Digital Marketing

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Who Gets Caught in Online Echo Chambers?

Echo chambers — that is, exposure to information that closely mimics our own experiences and points of view — are burgeoning. In the online world, personalization algorithms lead to even more personalization over time. New research that looked at the way people navigate through videos of TED Talks highlights which types of people are most at risk for falling into extreme echo chambers. The research also suggests ways organizations can help content viewers navigate the noise.

Moving Sales With Trajectory-Based Mobile Advertising

Anindya Ghose, Heinz Riehl Chair Professor of Business at New York University’s Stern School of Business, is one of the pioneering explorers of the intersection of mobile and marketing. In his new book, Tap, he collects his findings and weaves them together into a set of nine forces that marketers can wield to drive sales via mobile technologies.

Supply Chains Built for Speed and Customization

Thanks to emerging technologies like 3-D printing, manufacturers can offer consumers customized products and do so with unprecedented speed. Intrigued by a new product you saw in a YouTube video? Well, someday soon you may be able to personalize it, order it via the company’s website, and have it in your hands in a matter of days. But to enable this phenomenon at scale, an entirely new model of supply chain is required.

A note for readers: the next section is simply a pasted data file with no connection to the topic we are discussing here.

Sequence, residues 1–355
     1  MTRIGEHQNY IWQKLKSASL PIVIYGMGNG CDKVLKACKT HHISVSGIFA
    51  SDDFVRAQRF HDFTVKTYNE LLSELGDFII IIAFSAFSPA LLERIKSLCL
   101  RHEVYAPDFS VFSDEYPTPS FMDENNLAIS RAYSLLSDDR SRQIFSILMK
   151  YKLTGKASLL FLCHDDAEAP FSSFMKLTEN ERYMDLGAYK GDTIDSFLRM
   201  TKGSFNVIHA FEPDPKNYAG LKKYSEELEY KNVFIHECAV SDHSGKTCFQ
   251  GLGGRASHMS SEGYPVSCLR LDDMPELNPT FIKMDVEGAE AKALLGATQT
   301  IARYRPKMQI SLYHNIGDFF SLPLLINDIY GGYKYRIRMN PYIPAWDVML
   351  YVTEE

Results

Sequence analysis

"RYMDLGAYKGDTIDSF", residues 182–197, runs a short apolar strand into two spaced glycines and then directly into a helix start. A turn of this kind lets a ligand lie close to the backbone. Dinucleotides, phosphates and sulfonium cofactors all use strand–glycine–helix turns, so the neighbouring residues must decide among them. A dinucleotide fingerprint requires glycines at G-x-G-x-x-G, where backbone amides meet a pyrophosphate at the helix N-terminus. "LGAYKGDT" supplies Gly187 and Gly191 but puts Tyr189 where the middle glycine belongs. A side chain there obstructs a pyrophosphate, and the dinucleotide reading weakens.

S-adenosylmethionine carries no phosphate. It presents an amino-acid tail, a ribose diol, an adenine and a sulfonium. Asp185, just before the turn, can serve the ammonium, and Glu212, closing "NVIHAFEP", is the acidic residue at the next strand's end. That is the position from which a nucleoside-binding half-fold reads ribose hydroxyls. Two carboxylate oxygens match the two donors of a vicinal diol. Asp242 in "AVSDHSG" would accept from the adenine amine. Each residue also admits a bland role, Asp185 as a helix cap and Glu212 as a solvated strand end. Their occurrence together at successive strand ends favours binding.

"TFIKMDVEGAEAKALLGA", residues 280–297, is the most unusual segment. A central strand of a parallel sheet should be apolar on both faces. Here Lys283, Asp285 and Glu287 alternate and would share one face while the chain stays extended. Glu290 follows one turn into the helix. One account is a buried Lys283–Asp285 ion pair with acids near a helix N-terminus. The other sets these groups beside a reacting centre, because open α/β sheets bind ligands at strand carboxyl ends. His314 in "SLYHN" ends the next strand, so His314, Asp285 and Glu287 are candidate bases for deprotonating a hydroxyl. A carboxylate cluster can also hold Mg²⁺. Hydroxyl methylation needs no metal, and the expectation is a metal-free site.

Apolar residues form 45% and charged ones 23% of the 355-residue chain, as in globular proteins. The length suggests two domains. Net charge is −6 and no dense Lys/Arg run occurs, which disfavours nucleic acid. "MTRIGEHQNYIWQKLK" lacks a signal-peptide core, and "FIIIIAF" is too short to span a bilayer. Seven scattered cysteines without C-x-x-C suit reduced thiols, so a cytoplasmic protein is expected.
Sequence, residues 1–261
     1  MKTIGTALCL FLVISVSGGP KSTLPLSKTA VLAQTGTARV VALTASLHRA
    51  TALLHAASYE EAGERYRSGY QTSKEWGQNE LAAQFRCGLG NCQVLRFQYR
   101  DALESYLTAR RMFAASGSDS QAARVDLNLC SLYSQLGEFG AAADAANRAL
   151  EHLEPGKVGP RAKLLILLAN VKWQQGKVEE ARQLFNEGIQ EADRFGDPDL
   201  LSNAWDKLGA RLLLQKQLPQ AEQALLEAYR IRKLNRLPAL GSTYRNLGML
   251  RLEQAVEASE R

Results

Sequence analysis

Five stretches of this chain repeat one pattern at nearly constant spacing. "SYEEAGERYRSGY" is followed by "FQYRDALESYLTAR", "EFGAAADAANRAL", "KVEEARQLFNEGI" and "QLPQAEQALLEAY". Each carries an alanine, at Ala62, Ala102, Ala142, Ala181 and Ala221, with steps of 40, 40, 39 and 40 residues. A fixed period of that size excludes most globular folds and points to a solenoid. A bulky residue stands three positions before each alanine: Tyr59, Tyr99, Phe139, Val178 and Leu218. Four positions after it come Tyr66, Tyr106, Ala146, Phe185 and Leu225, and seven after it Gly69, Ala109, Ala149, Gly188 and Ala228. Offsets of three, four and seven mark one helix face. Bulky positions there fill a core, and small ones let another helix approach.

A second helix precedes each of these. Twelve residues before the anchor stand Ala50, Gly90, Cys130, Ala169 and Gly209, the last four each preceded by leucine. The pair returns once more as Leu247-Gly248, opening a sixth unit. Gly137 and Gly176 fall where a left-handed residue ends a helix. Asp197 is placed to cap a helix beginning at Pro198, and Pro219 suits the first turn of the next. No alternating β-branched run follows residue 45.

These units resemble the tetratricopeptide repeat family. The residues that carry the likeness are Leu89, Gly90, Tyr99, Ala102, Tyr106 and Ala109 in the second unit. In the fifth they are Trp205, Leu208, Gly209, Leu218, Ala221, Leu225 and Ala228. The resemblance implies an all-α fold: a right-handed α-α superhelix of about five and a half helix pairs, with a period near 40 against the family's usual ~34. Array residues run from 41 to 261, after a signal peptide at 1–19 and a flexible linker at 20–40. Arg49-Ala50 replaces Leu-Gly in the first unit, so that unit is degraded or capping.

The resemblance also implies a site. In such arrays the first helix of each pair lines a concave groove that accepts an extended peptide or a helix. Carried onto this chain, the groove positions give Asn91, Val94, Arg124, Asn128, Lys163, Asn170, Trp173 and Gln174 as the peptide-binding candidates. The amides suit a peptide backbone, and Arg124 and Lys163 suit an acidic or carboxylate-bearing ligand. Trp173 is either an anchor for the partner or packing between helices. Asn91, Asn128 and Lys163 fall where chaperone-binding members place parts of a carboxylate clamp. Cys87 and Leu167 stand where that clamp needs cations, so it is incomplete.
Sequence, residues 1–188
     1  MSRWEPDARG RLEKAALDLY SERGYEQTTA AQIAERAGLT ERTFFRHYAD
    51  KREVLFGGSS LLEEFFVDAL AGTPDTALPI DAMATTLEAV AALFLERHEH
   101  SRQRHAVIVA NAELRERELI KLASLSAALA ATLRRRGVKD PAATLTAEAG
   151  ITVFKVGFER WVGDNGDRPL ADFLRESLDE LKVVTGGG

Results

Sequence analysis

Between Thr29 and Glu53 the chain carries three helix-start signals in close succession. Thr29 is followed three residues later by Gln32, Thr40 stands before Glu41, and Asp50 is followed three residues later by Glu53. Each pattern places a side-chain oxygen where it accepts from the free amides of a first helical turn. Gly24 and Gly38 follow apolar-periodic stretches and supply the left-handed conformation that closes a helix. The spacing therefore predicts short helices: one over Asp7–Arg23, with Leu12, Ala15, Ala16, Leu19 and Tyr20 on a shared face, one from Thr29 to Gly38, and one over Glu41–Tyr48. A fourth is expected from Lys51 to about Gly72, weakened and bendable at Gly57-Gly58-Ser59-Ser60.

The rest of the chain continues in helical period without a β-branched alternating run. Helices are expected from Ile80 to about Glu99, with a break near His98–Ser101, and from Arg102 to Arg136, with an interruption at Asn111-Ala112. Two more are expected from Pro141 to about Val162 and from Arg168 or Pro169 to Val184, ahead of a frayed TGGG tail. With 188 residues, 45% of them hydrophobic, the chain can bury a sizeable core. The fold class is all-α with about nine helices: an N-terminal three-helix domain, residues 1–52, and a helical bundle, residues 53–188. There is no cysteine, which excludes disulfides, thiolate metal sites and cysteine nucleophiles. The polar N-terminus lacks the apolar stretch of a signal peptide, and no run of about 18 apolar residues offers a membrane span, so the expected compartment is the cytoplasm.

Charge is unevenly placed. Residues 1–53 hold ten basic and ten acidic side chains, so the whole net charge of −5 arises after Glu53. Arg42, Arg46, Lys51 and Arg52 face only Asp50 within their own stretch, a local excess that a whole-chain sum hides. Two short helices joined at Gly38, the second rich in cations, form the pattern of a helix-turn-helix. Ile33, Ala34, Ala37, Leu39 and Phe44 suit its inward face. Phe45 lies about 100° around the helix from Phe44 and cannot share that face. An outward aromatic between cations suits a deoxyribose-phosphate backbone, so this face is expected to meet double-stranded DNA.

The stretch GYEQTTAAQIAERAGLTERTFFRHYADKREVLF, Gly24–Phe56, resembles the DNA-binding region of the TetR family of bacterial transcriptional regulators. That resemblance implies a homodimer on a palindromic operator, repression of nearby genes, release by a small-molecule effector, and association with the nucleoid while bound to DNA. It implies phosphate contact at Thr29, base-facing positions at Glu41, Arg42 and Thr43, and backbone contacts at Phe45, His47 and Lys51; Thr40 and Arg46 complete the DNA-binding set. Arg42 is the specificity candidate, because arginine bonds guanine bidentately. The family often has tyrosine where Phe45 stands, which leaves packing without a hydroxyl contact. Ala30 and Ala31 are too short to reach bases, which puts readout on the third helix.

The Power of Consumer Stories in Digital Marketing

New research finds that stories about consumers’ positive experiences with a brand significantly increase users’ engagement with brand websites, and stories originating from consumers are especially powerful in shaping brand attitudes in social media. Indeed, companies that aren’t offering experiences that leverage consumer input in brand-related narratives are missing out on important opportunities to connect in a meaningful way with potential buyers.

Don’t Check Your Facts at the Door (We’ll Check Them for You)